Pakistan Economy: A new Sri Lanka in making?
Pakistan is replicating Sri Lanka while trying to solve its economic crisis, denying its past mistakes as well as the current happenings and ignoring the lessons it could have learned from the island nation.
After independence in 1947, Pakistan was growing faster than India and South Asian Economies.
When did the fall begin?
The problem started with a good plan that went wrong. In 1958, there were many political changes that lead to a fall in the economy. Pakistan witnessed high growth during this period, Manufacturing grew by more than 8% p.a. big dams and national highways were constructed but the road to hell is paved with good intentions, but the question arises from where the money comes from. Pakistan's economy has opened a portal called debt.
Till today, it has borrowed 22 times from the IMF and had not used this for economic growth. In fact, it has used all this debt for building army defence and debt repayment. Every year Pakistan raises its cost to build defence. Today, 42% of Pakistanis are illiterate. Because no employment is generated and they are stuck in a serious debt trap. The growing debt crisis, dwindling forex reserves, and soaring inflation have pushed Pakistan to the brink of an economic disaster. These were some of the factors which contributed to the ouster of former Prime Minister Imran Khan in April this year through a vote of no confidence. His removal has created a turbulent period of political instability and uncertainty in the country. Today, the Pakistani rupee has been in free fall.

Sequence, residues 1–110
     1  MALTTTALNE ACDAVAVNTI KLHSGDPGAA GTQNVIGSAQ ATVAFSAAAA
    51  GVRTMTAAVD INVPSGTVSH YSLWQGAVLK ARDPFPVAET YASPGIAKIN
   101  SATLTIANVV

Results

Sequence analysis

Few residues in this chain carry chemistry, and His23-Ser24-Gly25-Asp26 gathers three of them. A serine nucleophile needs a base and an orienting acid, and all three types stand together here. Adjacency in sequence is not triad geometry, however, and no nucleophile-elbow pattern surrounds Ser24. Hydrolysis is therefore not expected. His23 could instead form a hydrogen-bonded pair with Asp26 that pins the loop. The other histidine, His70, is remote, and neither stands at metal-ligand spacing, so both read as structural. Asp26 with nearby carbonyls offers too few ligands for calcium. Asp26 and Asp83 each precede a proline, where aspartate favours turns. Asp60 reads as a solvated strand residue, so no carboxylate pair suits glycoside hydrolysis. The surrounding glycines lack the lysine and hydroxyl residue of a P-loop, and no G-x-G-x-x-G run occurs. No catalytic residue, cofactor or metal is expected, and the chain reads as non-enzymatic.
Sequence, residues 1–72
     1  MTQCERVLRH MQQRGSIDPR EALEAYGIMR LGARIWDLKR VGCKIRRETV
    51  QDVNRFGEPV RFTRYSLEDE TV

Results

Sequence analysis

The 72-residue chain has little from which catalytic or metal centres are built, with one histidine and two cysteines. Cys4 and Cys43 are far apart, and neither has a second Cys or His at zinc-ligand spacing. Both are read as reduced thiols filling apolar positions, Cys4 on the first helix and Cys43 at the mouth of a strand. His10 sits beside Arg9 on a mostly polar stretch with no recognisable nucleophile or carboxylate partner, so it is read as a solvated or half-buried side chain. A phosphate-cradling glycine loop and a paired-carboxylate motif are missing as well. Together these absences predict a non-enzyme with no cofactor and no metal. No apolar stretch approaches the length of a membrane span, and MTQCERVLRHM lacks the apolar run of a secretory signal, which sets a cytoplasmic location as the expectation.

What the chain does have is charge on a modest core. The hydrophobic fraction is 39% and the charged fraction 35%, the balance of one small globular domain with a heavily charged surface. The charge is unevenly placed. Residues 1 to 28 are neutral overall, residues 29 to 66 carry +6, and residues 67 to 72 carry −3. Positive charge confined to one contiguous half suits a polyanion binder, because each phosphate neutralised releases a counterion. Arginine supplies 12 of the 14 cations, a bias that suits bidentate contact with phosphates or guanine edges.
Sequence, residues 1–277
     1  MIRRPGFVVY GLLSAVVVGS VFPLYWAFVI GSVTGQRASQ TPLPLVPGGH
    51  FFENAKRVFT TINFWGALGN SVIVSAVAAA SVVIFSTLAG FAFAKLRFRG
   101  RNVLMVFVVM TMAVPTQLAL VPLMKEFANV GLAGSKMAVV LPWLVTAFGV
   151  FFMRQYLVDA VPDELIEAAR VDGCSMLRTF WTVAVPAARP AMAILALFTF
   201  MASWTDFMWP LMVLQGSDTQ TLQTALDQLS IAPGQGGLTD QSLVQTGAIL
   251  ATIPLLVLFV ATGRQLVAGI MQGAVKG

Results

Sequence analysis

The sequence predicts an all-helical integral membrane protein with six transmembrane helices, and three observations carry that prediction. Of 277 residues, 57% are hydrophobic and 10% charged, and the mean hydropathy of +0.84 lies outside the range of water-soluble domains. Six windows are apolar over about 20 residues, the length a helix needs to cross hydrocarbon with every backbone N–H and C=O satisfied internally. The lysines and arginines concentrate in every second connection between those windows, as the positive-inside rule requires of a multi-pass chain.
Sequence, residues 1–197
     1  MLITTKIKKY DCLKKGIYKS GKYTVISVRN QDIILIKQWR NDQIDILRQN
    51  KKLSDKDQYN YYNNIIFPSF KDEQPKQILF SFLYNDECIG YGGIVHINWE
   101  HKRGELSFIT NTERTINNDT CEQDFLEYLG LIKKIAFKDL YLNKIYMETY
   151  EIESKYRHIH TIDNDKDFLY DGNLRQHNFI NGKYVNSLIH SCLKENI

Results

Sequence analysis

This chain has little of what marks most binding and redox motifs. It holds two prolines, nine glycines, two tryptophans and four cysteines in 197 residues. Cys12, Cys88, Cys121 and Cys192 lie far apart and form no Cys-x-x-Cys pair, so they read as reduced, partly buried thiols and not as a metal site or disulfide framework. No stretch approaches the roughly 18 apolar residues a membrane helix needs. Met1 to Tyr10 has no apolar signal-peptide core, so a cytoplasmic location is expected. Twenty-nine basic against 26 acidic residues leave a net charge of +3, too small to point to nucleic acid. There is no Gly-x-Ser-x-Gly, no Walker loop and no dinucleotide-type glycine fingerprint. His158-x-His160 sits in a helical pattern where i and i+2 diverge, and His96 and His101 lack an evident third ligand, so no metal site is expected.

It plummeted to an all-time low of 274 Pakistani Rupee against the US Dollar, only adding further pressure to the Pakistani economy. Given the economy’s dependence on imports- for both food and fuel, the rising global prices have resulted in a humongous increase in the import bill in Pakistan.
The import bill for petroleum products alone has registered a jump of about 95%, reaching about $17 billion in the first ten months of FY 2021-22.
Pakistan is repeating the same mistake as Sri Lanka did in playing down the capability of the IMF and its support program for the sheer reason of avoiding difficulty instead of looking to bilateral partners for financial help and support.
Kautilya, IBS Mumbai.